Wet weather driving can often lead to accidents that result in greater damage to your car, inflict much more severe injuries on the people involved and end up in court arguing over who did the wrong thing. If this has already happened to you due to wet weather or poor road conditions, you might be entitled to some compensation. If so, take advice from legal experts that specialise in traffic law such as Turner Freeman – you can visit their site at http://www.tfqlawyers.com.au/ for more information.
Of course, the best course of action is to take precautions to ensure you take the weather into account before you hit the road in the first place. This can sometimes be easier said than done, as even the most confident and competent of drivers can make a mistake when the roads are wet and slippery. In addition, manoeuvres on the road that you undertake every day in fine weather could be very dangerous with falling rain and low visibility. Here are a few things to remember to stay safe while driving in wet conditions.
Keep An Eye Out For Hazards
Rain affects people in in different ways. Some drivers cannot handle the changed conditions and make mistakes they wouldn’t ordinarily make, while pedestrians can pay less attention as they dash around traffic to get out of the rain. Be alert and try to anticipate the moves of those around you. Don’t get caught out by not noticing changed conditions until it is too late.
Slow Down And Brake Earlier
It seems obvious, but few people drive to the conditions. Just because the road sign says it is okay to drive at 100km/h, it doesn’t mean that this is a safe speed in all conditions. Often if the road feels a little wet, slippery and unsafe, it’s a sure bet it is. Roads are not built perfectly flat and can form puddles. If you hit one of these at speed, especially when you are braking, you’re going to find yourself in a lot of trouble. It’s also good to remember that the slickness on the road can make it harder for your tyres to grip and, as a result, it’s much more difficult to stop your car. Slow down and give yourself a little extra time and space to stop.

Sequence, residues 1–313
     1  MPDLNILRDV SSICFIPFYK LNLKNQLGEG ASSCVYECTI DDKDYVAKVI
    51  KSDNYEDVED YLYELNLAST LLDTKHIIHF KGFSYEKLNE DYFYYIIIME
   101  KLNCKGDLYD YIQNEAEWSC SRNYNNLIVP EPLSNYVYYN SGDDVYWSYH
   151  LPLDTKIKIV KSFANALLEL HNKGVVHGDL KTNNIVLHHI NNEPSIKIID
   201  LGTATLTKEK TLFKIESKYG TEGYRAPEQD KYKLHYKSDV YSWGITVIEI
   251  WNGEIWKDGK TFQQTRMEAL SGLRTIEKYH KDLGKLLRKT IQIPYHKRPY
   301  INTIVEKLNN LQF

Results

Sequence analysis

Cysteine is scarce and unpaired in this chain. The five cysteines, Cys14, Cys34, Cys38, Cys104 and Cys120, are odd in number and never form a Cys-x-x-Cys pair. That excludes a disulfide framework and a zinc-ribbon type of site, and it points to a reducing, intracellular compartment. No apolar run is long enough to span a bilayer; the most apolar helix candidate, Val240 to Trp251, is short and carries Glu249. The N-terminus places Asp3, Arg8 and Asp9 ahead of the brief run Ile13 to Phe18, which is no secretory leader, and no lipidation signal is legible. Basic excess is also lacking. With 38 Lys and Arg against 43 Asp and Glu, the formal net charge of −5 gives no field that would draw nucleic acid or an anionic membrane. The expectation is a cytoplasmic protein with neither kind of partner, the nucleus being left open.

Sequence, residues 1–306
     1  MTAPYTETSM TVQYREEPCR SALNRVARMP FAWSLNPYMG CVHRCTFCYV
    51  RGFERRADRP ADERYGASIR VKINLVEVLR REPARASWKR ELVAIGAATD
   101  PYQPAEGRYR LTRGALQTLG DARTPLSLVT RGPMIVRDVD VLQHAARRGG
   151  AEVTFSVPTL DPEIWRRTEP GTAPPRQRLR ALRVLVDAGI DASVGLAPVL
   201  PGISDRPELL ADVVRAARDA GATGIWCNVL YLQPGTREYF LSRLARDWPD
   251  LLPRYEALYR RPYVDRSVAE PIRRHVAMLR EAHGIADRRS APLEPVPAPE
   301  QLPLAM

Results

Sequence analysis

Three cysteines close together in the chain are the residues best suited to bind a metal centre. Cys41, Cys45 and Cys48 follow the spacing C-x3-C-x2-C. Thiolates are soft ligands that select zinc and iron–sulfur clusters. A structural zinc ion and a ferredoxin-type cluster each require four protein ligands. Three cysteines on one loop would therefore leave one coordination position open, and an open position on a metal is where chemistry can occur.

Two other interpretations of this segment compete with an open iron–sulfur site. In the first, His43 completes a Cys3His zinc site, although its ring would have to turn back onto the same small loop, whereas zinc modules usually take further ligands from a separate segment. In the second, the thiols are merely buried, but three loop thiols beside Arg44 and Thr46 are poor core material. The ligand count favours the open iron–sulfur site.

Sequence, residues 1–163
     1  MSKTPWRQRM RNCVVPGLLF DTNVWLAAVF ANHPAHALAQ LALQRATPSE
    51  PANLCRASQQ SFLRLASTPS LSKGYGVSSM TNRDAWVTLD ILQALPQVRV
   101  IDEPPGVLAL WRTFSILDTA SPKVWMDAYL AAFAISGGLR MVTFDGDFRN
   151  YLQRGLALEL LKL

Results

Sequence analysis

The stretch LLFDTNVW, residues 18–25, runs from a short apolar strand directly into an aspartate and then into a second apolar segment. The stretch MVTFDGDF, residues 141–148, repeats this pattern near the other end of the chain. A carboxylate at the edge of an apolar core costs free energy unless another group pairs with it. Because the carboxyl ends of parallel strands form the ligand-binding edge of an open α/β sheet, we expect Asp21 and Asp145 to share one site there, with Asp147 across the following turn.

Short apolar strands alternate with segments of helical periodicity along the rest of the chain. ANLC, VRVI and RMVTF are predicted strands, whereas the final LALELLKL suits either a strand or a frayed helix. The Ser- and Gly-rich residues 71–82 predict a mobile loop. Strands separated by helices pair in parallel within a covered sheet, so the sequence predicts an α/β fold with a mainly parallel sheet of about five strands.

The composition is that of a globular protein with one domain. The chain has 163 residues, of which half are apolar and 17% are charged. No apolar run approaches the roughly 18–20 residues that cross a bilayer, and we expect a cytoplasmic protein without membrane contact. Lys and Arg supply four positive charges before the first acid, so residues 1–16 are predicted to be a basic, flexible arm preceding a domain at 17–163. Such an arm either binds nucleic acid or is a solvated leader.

Leave Home Earlier
Now that we’ve accepted we can’t travel at the same speeds in the rain, don’t forget to allow a little additional time to get to your destination. Wet weather makes everybody else drive a little slower – or it should – and as a result, a trip that normally takes half an hour could take 10 minutes longer. Running late makes you take unnecessary risks to make up time. Leave earlier to allow for delays from slow traffic, congestion and possible road closures.
It can sometimes be difficult to see oncoming cars in wet weather due to low light and less than clear windscreens. A good assumption is: the heavier the rain, the more difficult for other drivers to see you. If the rain is causing you visibility problems, flick on the headlights as an additional safety measure.
Driving in wet weather can be more difficult and dangerous, but it doesn’t have to be. Use a bit of common sense, take precautions and try to anticipate the mistakes of others and you should reach your destination in one piece.